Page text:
Flashcards in Mycobacterial, Fungal, and Parasitic Infections Deck (23)
What are acid-fast bacteria?
These are bacteria that cause TB
called that because of the staining technique used to identify them
What is the big issue with TB treatment? How long can it take?
TB is very slow growing
This means that treatment takes longer (up to 24 months)
With the longer term treatment for TB what does this increase the risk of?
poor client adherence
resistance to develop (bacteria)
What is the therapeutic response of antimycobacterials?
bacteriostatic by inhibiting bacterial protein synthesis; indicated for active and inactive TB
What is another first line antimycobacterial other than INH?
Will multiple antimycobacterial drugs be used simultaneously during treatment sometimes?
YES YES YES (3-4 usually)
What are some adverse effects of antimycobacterials?
peripheral neuropathy (from B6 (pyridoxine) deficiency) - INH
hepatotoxicity - both
hyperglycemia in diabetics - both
doscolored bodily fluids - Rifampin
What are some nursing considerations for antimycobacterials?
Take multivitamin with 50-200mg B6 daily (INH peripheral neuropathy)
monitor liver function and report symptoms of dysfunction (both)
monitor BG in diabetics (both hyperglycemia)
discolored body fluids is harmless (Rifampin)
What are some patient teaching points for antimycobacterials?
avoid alcohol (both)
report signs of liver failure... abd pain, jaundice, n/v, decreased appetite (both)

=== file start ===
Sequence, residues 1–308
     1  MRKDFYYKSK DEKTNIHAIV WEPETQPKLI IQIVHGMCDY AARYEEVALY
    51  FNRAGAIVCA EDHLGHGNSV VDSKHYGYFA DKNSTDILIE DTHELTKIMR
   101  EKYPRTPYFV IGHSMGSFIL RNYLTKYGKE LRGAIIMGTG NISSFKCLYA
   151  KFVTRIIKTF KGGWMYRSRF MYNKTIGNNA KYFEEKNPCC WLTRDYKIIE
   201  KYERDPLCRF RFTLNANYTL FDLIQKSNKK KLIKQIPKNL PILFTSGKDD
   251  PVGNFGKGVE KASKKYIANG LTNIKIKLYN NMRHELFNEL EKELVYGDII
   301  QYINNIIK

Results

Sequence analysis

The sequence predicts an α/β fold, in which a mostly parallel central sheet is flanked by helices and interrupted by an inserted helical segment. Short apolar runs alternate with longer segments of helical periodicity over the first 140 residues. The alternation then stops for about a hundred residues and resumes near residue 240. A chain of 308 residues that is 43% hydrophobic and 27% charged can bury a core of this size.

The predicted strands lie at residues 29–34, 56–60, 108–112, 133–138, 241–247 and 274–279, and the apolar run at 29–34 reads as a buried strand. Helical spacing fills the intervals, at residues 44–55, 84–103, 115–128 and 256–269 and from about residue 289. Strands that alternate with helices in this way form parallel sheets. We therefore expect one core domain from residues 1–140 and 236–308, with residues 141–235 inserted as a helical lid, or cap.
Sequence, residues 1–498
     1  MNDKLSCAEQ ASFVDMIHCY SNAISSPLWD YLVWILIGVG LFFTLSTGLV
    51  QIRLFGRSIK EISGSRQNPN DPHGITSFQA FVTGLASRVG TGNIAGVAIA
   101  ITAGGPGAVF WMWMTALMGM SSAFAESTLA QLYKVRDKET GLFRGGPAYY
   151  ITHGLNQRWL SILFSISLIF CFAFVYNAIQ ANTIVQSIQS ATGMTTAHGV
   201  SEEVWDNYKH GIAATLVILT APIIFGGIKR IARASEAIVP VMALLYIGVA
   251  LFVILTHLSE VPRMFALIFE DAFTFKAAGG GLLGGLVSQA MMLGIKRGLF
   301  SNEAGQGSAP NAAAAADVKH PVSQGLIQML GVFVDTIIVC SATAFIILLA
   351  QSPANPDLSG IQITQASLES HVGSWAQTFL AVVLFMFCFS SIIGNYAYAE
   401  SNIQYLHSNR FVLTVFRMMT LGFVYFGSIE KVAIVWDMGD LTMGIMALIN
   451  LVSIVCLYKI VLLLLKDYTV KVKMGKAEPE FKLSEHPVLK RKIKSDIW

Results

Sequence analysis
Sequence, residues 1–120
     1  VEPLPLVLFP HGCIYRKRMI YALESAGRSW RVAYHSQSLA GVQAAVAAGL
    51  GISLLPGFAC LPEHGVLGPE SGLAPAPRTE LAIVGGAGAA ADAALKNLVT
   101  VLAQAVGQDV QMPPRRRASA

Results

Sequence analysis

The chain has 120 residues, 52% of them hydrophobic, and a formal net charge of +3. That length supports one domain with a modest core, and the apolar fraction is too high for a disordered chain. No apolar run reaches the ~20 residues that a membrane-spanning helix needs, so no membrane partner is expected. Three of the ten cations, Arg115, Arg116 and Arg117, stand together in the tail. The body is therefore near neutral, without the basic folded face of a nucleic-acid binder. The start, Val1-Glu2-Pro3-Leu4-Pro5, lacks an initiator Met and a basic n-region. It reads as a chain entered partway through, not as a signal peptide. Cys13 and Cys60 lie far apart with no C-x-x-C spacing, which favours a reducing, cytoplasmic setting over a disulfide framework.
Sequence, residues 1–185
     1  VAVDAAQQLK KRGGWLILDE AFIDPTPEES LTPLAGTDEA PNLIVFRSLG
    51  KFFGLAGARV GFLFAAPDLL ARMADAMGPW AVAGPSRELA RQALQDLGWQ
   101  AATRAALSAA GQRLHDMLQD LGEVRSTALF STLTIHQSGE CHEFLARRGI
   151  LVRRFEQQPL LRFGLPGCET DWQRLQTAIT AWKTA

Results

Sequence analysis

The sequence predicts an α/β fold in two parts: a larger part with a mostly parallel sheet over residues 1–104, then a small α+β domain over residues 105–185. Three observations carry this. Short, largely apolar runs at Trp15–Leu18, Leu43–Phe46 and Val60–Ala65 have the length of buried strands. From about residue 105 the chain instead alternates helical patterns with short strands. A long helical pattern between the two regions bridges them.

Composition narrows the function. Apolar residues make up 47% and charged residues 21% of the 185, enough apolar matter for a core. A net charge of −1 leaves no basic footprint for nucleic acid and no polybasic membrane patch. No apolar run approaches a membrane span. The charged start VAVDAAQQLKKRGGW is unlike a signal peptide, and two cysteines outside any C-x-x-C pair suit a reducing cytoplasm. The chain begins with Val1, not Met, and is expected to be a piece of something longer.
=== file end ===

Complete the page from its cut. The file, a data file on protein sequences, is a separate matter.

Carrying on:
take B6 daily (INH)
body fluid changes are harmless (Rifampin)
take 1 or 2 hours before meals on empty stomach (both)
What is the desired outcome of antimycobacterial treatment?
resolution of symptoms
3 negative sputum cultures (usually takes 3-6 months)
What is the therapeutic outcome of antiprotozoals?
cell death resulting in relief of symptoms
BROAD SPECTRUM (SUPRAINFECTION RISK)
What are antiprotozoals used to treat?
protozoal infections (giardiasis (STI), trichomoniasis (STI), C. diff)
What are some adverse effects for antiprotozoals?
CNS - HA, ataxia, peripheral neuropathy
darkening of urine - harmless
What are some nursing considerations for antiprotozoals?
report n/v, dry mouth, metallic taste
report and stop taking medication if CNS symptoms arise (HA, ataxia, peripheral neuropathy)
darkening of urine is harmless (make sure patient knows)
What are some patient teaching points for antiprotozoals?
avoid with alcohol - disulfiram reaction!
What is the therapeutic action of antifungals?
fungacidal or fungastatic depending on the drug and fungus.
What are some adverse effects for antifungals?
irregular menstrual cycles, gynecomastia, erectile dysfunction
What are some nursing considerations and patient teaching points for antifungals?
monitor and report signs of liver dysfunction
monitor and report irregular menstrual cycles, gynecomastia, and ED
What is amphotericin B? What is it used for?
a fungacidal (antifungal) that is reserved for life-threatening infections because of its toxicity.
ONLY GIVEN IV IN THE HOSPITAL
What are some adverse effects of amphotericin B?
bone marrow suppression
What are some nursing considerations for amphotericin B?
monitor and report signs of nephrotoxicity (labs,urine output), administer 1-2L of fluids on days of administration
monitor baseline CBC and monitor CBC weekly, monitor for bleeding, bruising, and signs of infection as well (bone marrow suppression)
Monitor and administer potassium supplements as ordered (hypokalemia)
What are two things we have to worry about that have to do with administration of amphotericin B? What is the best way to prevent these?
INFUSION REACTION (fever, chills, rigidity, HA) 1-3 hours after infusion has begun) pretty common... - infuse over 2-4 hours (nurses sometimes stay in patients room for whole infusion while charge nurse cares for nurses other patients), administer a 1mg test dose through IV slowly, pretreat with antihistamines or acetaminophen.
Thrombophlebitis at infusion site - closely monitor for erythema and swelling, use a large vein or central line for administration.